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Auburn University

Students have used geospatial technologies to map more than 12,000 infrastructure elements along miles of Alabama’s Gulf Coast, enabling emergency responders to find critical utility points to restore services in the wake of natural disasters.

Emergency responders to Gulf Coast disasters execute their work under a double burden: They must restore critical services and utilities as quickly as they can, but first, they often have to find these infrastructure elements, which can be buried beneath piles of debris, under several feet of water, or washed away entirely.

Since 2009, Alabama-based Auburn University students have conducted an ambitious geospatial mapping project that gives disaster responders a tool to locate vital infrastructure points, saving precious time and reducing recovery costs by an estimated 40 percent.

Under the guidance of Professor of Management Chetan Sankar and other AU faculty from the business and engineering colleges and the geography department, 40 Auburn students have already collected geospatial data from 90 walking miles of Alabama’s coastline and mapped the geospatial locations of more than 12,000 infrastructure elements. In the process, they have also developed a regional model of data sharing for authorities.

The entire project, initially funded by a US Department of Commerce grant, is student-inspired and student-run. The idea stems from a doctoral dissertation in 2008 by then-Ph.D. candidate Barry Cumbie, for which AU students conducted a pilot in the city of Gulf Shores, AL. Since that time, with the project in full swing, undergraduate students do the lion’s share of field work while graduate students take on roles as project managers. Most of the data collection was completed in 2009 and 2010, culminating in its initial availability to participating agencies in summer 2010.

Vendor & Product Details
Laser Technology:
Topcon Positioning Systems:
Virtual Alabama:

Sankar views the university as the logical choice to lead the project and encourage collaboration among agencies and municipalities. “Cities are most interested in their own territorial boundaries,” says Sankar, “Whereas at the university we are serving the whole state, and our students come from everywhere. So the ability to lead the project as a cooperative effort amongst different partners, I think, comes more naturally to the university.”

For data collection, students use Topcon GMS-2 GPS hand-held units in conjunction with ArcGIS software from ESRI. In the field, they take coordinates and photos of infrastructure elements such as electric power poles, street lights, transformers, gas meters and valves, telephone switches, cable or fiber optic boxes, storm water inlets, fire hydrants, water meters and valves, sewer manholes and pump stations, and many more such fixtures. TruPulse 360B laser finders, from Laser Technology, are useful as range finders when students cannot get right alongside the fixtures. A Dell notebook computer is all that’s needed to store data at the work site. Data points uploaded with the ArcGIS software can be displayed against a topological layout to see just-completed work in context. Finally, cumulative data is hosted on a secure information-sharing platform, Virtual Alabama, and made available to cities, utility companies, and other official entities.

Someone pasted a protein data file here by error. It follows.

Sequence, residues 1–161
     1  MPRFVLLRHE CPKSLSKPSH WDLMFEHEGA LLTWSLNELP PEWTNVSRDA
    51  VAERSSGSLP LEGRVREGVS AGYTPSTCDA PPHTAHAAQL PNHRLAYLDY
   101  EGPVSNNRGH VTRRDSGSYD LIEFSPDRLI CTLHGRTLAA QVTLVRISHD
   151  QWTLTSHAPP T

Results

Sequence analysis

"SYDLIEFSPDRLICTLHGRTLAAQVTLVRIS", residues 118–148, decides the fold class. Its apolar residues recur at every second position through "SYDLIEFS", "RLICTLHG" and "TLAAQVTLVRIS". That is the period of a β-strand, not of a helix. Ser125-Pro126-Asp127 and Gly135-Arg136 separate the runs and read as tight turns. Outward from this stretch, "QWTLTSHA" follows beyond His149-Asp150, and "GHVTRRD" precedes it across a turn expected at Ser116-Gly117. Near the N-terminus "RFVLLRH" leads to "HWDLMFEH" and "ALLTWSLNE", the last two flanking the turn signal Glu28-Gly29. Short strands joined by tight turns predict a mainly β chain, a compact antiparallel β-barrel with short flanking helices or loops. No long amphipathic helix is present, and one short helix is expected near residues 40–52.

Now that a major body of data has been collected, students will be able to focus more on community outreach and public relations to communicate the usefulness of the project and facilitate the ways agencies will access and use the data. “Different cities and utilities have different requirements,” explains Sankar. “So we are working with them to find out how each of them wants the data.”

Sankar sees geospatial technology as a growing field, and he hopes the project will serve as a useful model for areas beyond Alabama. “More than half of the global population resides within 120 miles of a coastline,” he points out. “This project uses a unique student-centered data collection methodology and GIS technologies that can be replicated in other coastal communities.”

About the Authors

Meg Lloyd is a Northern California-based freelance writer.

David Raths is a Philadelphia-based freelance writer focused on information technology. He writes regularly for several IT publications, including Healthcare Innovation and Government Technology.

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